An organic gardener uses natural controls; mulches, beneficial insects and cover crops (rather than synthetic chemicals) to feed and nurture the soil. This suppresses and minimizes the effects that weeds and pests have on growing plants.
Compost is made from decomposed organic (living) plant and animal materials and is the cornerstone of organic gardening. Adding compost to your soil enriches it with important nutrients that encourage and promote the growth of vigorous, healthy plants-plants that are less susceptible to disease and pests. Compost conditions the soil, improves moisture retention and root penetration and converts soil nutrients into a form more easily taken up by growing plants. It's cheap and easy to make and best of all, it utilizes kitchen and garden waste that might otherwise be thrown away.
Before adding compost, contact you local county extension agency and ask for a soil testing kit. Testing can usually be done for as little as $10-$20 dollars and knowing your soil's condition is an important first step in the process of building it up organically. Using your results, start to enrich your garden's soil with the regular addition of compost and continue to test it every few years to make necessary corrections in imbalances.
Most species of insects are beneficial to the gardener; they pollinate flowers and plants, eat weeds and pests, and provide a natural system of checks and balances that reduces the need for insecticides and herbicides. In the animal world, birds, toads, snakes and bats are among an organic gardener's best friends. They prey efficiently on large numbers of insect pest predators. Encourage a variety of beneficial animals and insects to reside in your garden by providing them with sources of food, water and shelter according to their habitat needs.
Healthy plants go a long way toward minimizing the damage from diseases and pests. Buy seeds from companies based locally and read catalogues and seed packets carefully to find plants specifically suited to your regions growing conditions. Many crops have been cultivated to be resistant to specific diseases and pests.
Keep good records so you can employ crop rotation and interplanting techniques. Changing the location of your crops every year keeps pests that over winter in your soil away from next year's plants. Different crops also require different nutrients. Beans, for example, enrich the soil with nitrogen. Squash is a nitrogen depleter. Rotating them each year ensures all of your soil stays nitrogen balanced.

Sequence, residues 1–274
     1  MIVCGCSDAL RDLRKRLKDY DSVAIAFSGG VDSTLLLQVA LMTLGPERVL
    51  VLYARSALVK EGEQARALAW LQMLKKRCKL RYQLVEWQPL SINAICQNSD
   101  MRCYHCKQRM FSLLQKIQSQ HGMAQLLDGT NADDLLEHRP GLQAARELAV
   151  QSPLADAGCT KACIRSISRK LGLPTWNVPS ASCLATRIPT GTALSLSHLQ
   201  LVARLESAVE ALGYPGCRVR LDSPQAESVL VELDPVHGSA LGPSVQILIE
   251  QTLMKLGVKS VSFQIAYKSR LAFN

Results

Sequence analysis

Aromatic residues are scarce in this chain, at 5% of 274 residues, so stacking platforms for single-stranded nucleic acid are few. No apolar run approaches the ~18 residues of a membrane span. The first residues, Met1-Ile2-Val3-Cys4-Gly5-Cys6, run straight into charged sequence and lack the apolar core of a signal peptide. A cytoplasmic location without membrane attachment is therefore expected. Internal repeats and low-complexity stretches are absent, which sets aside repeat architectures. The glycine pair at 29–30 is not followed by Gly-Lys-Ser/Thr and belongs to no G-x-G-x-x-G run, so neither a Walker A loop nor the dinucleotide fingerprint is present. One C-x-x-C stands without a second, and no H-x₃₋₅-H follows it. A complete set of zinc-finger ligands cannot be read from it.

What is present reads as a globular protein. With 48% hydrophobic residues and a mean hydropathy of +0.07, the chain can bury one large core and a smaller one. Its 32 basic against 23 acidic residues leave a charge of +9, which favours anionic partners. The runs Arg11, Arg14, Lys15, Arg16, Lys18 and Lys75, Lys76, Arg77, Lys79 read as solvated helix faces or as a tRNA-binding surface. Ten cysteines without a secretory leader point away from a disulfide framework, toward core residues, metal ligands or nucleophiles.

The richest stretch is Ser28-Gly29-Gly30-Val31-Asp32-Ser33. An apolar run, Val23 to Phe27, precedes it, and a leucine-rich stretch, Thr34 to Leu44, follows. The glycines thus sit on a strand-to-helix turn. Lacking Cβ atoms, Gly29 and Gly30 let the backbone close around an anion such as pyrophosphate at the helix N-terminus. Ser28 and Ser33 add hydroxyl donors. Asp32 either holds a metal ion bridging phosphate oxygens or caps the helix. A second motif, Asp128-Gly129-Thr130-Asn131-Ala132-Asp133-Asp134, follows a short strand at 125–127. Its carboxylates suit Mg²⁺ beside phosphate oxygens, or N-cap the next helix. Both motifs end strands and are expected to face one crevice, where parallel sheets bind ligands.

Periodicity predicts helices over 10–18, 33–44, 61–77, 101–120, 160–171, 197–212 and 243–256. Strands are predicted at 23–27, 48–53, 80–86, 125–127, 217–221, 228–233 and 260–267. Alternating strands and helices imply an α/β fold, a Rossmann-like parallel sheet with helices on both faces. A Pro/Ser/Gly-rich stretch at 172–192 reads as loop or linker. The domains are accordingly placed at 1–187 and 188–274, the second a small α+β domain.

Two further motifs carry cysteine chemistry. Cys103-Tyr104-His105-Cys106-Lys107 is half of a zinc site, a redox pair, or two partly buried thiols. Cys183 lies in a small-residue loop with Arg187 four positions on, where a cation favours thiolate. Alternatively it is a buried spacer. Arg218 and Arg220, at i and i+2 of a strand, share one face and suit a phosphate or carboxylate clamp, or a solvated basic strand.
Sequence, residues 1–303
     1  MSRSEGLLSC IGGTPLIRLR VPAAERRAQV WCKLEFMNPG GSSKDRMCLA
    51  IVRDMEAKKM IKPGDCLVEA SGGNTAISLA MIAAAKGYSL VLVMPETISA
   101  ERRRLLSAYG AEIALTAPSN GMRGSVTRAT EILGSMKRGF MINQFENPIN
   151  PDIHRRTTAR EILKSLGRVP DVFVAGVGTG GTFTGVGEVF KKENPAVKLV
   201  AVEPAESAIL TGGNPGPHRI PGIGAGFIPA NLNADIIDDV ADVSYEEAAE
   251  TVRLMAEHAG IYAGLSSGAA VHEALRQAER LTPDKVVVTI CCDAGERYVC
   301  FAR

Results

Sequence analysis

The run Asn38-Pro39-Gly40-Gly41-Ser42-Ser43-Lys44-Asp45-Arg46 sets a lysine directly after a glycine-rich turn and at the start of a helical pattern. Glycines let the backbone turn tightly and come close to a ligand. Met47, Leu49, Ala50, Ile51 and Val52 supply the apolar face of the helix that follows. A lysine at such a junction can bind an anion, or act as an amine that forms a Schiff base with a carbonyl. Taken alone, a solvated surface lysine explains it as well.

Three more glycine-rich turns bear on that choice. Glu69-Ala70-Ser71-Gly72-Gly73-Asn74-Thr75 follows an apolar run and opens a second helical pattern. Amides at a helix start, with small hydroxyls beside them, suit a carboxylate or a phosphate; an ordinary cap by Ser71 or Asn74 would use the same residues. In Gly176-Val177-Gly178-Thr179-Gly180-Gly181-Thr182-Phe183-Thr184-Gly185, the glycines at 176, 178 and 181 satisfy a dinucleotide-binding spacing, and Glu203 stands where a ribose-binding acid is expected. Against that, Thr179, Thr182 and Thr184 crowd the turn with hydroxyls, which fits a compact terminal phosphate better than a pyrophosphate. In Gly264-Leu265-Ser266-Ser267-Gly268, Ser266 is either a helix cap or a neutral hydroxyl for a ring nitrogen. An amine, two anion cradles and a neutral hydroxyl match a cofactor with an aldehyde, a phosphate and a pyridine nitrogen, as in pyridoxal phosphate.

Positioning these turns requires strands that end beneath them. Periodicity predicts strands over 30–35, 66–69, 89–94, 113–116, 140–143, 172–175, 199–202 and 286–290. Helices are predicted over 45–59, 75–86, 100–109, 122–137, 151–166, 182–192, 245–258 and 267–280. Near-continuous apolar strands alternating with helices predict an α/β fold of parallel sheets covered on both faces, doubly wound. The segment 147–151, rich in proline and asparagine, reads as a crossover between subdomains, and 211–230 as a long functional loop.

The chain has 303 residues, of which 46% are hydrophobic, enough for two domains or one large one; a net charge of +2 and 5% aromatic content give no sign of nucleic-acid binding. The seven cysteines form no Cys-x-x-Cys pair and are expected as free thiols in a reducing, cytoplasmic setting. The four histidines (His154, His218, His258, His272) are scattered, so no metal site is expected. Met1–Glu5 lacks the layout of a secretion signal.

Avoid planting large rows of similar plants (monoculture). This makes it easy for insect pests and diseases to spread. Instead, plants crops in groupings throughout your garden (interplanting). Leave wide enough walkways between plantings to discourage disease and insects from hopping over to the next host.
Make garden decisions keeping the environment in mind. Don't use synthetic chemicals to encourage plant growth or to control plant diseases or garden pests. Mulch bare soil with grass clippings or other organic materials to help control weeds, keep in moisture and return nutrients to the soil. Save seeds, recycle waste and be water wise. Most importantly, spend time learning about the plants and creatures that inhabit your garden ecosystem. Learn to identify beneficial insects, as well as insect pests and weed seedlings. Choose the right site for your garden, one with adequate sunlight and drainage that is away from the water consuming roots of trees.
Organic gardening won't give you perfect, weed-free rows of giant, steroid-enhanced vegetables or orderly beds filled with blooms devoid of visible imperfections. Instead, you'll find rewards in a garden that integrates with its environment, produces a bounty of nutrient-rich, safe-to-consume foods and vibrant, long-lasting flowers.
About The Author: Ellen Brown is an environmental writer and photographer and the owner of Sustainable Media, an environmental media company that specializes in helping businesses and organizations promote eco-friendly products and services. Contact her on the web at http://www.sustainable-media.com
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One of the best things to give you Ferns and other garden plants a boost is to use SEA WEED. NOT the dried up stuff along the beach=BUT gather the live stuff along the shore; You can also buy liquid sea weed. These plants shoot up like they are on steroids!
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